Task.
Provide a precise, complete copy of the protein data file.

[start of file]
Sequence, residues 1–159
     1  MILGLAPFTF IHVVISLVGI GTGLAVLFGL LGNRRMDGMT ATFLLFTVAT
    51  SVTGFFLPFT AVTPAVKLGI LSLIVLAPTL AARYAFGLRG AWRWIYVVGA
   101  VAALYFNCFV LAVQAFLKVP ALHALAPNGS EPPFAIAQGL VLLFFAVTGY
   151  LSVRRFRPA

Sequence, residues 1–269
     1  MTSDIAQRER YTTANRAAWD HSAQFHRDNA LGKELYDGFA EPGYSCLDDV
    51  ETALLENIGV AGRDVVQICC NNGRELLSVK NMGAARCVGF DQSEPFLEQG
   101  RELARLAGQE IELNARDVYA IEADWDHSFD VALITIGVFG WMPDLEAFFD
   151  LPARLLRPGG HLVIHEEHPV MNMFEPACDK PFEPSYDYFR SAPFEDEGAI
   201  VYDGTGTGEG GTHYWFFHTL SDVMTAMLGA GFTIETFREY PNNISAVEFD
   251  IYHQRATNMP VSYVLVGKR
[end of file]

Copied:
Sequence, residues 1–159
     1  MILGLAPFTF IHVVISLVGI GTGLAVLFGL LGNRRMDGMT ATFLLFTVAT
    51  SVTGFFLPFT AVTPAVKLGI LSLIVLAPTL AARYAFGLRG AWRWIYVVGA
   101  VAALYFNCFV LAVQAFLKVP ALHALAPNGS EPPFAIAQGL VLLFFAVTGY
   151  LSVRRFRPA

Sequence, residues 1–269
     1  MTSDIAQRER YTTANRAAWD HSAQFHRDNA LGKELYDGFA EPGYSCLDDV
    51  ETALLENIGV AGRDVVQICC NNGRELLSVK NMGAARCVGF DQSEPFLEQG
   101  RELARLAGQE IELNARDVYA IEADWDHSFD VALITIGVFG WMPDLEAFFD
   151  LPARLLRPGG HLVIHEEHPV MNMFEPACDK PFEPSYDYFR SAPFEDEGAI
   201  VYDGTGTGEG GTHYWFFHTL SDVMTAMLGA GFTIETFREY PNNISAVEFD
   251  IYHQRATNMP VSYVLVGKR